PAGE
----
into pieces of children
and patches of sand

Asleep on a pillow the two
of us whisper we know
aboutapples and hot bread
and honey

Hunting for safety and eager for peace
we follow the leaders who chew up
the land
with names like Beirut
where the game is to tear
up the whole Hemisphere
into pieces of children
and patches of sand

I’m standing in place
I’m holding your hand
and pieces of children
on patches of sand

[“March Song”]

Here she breaks what is actually a metrically regular dactylic line so that the beat is undermined and countered by the line breaks: a subtle disorienting of form and expectation.

Her flexible, swift mind was tuned towhat John Edgar Wideman has called “the continuum of language”:intimate lyricism, frontal rhetoric, elegance, fury, meditativesolos, dazzling vernacular riffs. These are poems full ofspecificity—people and places, facts, grocery lists, imaginaryscenarios of social change, anecdotes, talk—that June Jordan voice,compelling, blandishing, outraged and outrageous, tender, relentless,urgent with the trust that her words matter, that someone islistening and ready for them.

She knew many poetries, ancient andmodern; her sonnets, for example, are both silken and surprising:

Supposing we could just go on as two
voracious in the days apart as well as
we sideby side (the many ways we do
that) well! I could considerthen
perfection possible, or else worthwhile
to think about.Which is to say
I guess the costs of long term tend to
up, block and complicate, erase away
the accidental, temporary,near
thing/pulsebeat promises one makes
because the chance, theeasy new, is
in front of you. But still, perfectiontakes
some sacrifice of falling stars for rare.
And there arestars, but none of you, to

[“Sunflower Sonnet Number Two”]

But in her preface to the collection Passion, she matched herself consciously with the tradition of “NewWorld poetry”: non-European, deriving in North America fromWhitman, and including Pablo Neruda, Agostinho Neto, GabrielaMistral, Langston Hughes, Margaret Walker, and Edward Brathwaite:

In the poetry of the New World, you meet with a reverencefor the material world that begins with a reverence for human life,an intellectual trust in sensuality as a means of knowledge and ofunity, an easily deciphered system of reference, aspiration to abelievable, collective voice and, consequently, emphatic preferencefor broadly accessible language and/or “spoken” use of language,a structure of forward energies that interconnects apparentlydiscrete or even conflictual elements, saturation by quotidian data,and a deliberate balancing of perception with vision: a balancing ofsensory report with moral exhortation.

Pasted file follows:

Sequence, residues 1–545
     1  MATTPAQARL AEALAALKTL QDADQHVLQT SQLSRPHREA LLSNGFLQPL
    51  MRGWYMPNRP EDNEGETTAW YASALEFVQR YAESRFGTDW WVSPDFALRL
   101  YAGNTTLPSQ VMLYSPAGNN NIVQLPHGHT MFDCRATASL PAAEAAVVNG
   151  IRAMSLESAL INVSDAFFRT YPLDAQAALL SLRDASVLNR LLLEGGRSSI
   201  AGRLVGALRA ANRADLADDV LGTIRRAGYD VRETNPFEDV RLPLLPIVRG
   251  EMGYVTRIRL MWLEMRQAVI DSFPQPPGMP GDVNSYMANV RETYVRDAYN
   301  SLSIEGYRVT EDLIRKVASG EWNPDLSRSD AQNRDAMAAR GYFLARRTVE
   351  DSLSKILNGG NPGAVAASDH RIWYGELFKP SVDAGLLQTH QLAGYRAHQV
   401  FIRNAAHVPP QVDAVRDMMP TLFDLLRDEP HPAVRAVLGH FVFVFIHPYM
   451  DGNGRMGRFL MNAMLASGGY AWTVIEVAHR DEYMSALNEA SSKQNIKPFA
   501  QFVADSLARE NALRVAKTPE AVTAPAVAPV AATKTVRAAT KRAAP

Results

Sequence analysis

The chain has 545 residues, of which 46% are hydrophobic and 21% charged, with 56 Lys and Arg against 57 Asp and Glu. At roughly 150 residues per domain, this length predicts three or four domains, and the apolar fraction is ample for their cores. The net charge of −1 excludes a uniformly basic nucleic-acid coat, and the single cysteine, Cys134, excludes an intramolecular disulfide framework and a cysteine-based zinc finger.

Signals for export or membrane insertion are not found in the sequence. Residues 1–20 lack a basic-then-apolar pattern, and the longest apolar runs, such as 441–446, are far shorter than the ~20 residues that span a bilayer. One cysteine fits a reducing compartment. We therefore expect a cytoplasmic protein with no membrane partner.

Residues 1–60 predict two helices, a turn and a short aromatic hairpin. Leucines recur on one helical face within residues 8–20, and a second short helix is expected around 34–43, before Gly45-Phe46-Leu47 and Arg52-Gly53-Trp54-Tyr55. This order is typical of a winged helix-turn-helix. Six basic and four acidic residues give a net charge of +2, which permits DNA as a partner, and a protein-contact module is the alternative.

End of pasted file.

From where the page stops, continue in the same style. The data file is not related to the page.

Reading through Jordan’s work, we find her restless in movement, writing always forthe voice: sometimes for the intimate interior room, sometimes morefor declamation. Some of her long declamatory poems, specific tocertain moments or written for public occasions, don’t survive onthe page absent the vibrancy of her live breath and bodily presence.Others do, and will, as “I Must Become a Menace to MyEnemies”:

And if I
ever let love go
because the hatred and the whisperings
become a phantomdictate I o-
bey in lieu of impulse and realities
(the blossomingflamingos of my
wild mimosa trees)
then let love freezeme

Some of her brief message-poems forfriends can seem tenuous and transitory. Others are firmly chiseled epigrams:

There is no chance that we will fallapart
There is no chance
There are noparts.

[“Poem Number Two on Bell’s Theorem”]

In the last years of her life, often in greatpain from metastasized cancer, surgery, and chemotherapy, her wit andfury enabled her to go on writing poems of love and polemics,sometimes in delicately caressing language, sometimes grimly orhilariouslyresistant to diminishment, as in “Racial Profile #2”or the exuberantly scathing rap “Owed to Eminem.”

Andshe continued, too, as in “Poem of Commitment,” to bring togetherthe “conflictual elements” of outraged witness and lyrical beauty:

Because cowards attack
and others kill with bullets
while some numb bynumbers
bleeding the body and the language
of a child . . . Whowould behold the colorings of a cloud
and legislate itsshadows
legislate its shine?
Or confront a cataract of rain
and seek to interdict its speed
and suffocate itssound?
Or disappear the trees behind a nomenclature
no oneknows by heart?
Or count the syllables that invoke
the motherof my tongue?
Or say the game goes the wayof thewindAnd the wind blows the way
of the ones who make
the rules? . . .

because as far as I can tell
less than a thousand children playing
in the garden of a thousand flowers
means the broken neck
of birds

I commit my body and my language . . .

And throughout her ardent, abbreviated life, she did.